A Fluid-Powered Ankle-Foot Orthosis to Assist Disabled Persons

Achievement date: 
2014
Outcome/accomplishment: 

Researchers affiliated with the Center for Compact and Efficient Fluid Power (CCEFP), an NSF-funded Engineering Research Center (ERC) headquartered at the University of Minnesota, developed system- and component-level models to predict the efficiency and weight of small hydraulic systems that comprise a fluid-powered ankle-foot orthosis (AFO). Researchers are also evaluating, in clinical trials on post-stroke patients, the effectiveness of a pneumatic Portable-Powered AFO (PPAFO).

Impact/benefits: 

Development and modeling of a fluid-powered AFO, clinical trials on a specific PPAFO, and continuing research behind similar fluid-powered devices have the obvious benefit of creating novel powered exoskeletons that can assist persons with disabilities. In addition, addressing the complex engineering issues associated with the fluid-powered AFO facilitates the development of miniature fluid-power systems by pushing the practical limits of weight, power, and duration for compact, untethered, and wearable fluid-power devices. New market opportunities for the fluid-power industry will likely result from these efforts.

Explanation/Background: 

The overall goal of the hydraulic AFO work is to demonstrate the capabilities and advantages of tiny hydraulics for powered, untethered, human-assist machines. The hydraulic AFO is the lightest, high-torque, untethered, and powered ankle orthosis that has ever been developed. This device holds the promise of enabling people with mobility impairments to walk with greater stability, confidence, and independence, including persons with stroke, cerebral palsy, or acute trauma.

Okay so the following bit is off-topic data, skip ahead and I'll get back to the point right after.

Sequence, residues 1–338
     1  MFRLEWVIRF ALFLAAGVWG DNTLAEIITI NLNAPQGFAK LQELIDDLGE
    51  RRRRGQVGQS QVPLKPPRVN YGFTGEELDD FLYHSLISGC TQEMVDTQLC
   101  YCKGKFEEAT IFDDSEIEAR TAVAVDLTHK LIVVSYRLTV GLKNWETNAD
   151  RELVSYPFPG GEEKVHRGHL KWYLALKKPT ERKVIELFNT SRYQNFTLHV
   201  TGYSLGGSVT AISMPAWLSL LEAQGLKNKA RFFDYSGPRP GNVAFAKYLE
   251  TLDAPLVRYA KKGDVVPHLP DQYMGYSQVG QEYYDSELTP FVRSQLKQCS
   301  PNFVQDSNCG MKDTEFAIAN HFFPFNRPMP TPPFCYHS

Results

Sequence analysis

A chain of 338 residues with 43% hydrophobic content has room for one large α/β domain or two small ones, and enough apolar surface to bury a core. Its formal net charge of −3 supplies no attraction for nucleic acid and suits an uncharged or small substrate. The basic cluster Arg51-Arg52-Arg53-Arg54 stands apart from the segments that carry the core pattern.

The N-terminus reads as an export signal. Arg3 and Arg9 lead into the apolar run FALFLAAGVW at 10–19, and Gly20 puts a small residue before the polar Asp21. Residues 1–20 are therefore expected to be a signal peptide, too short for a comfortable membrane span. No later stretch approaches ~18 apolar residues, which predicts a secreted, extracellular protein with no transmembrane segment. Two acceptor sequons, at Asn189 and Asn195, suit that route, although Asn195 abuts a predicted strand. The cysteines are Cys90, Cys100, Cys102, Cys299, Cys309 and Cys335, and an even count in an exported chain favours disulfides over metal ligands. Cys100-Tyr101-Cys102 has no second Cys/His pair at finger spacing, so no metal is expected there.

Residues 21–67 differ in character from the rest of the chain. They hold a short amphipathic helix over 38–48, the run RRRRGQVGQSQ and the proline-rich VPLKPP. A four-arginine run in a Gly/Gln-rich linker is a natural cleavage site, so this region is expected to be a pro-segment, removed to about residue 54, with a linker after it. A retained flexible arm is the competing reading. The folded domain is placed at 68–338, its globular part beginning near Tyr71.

CCEFP researchers are exploring whether the PPAFO can be used as a successful gait-assistance device for post-stroke persons (see figure). In collaboration with researchers at the Rehabilitation Institute of Chicago, testing has begun to explore the advantages, in a post-stroke subject population, of the PPAFO compared to a range of other assist devices (e.g., tibial stimulators, commercial passive AFOs). The devices are being compared in this population by asking each participant to complete a set of clinically accepted walking tasks with both the PPAFO and their personal device. During each walking task, a subject’s oxygen consumption is being measured as well as the standard outcome measures of the task.

In general, the AFO program has enabled cooperative efforts on the broader fluid-powered human-assist concept. It is anticipated that development of a next-generation AFO will push the limits of fluid-power technology. Innovative projects like this hold promise of delivering a miniature and integrated power supply, novel actuators, valves, transmission lines, and housing.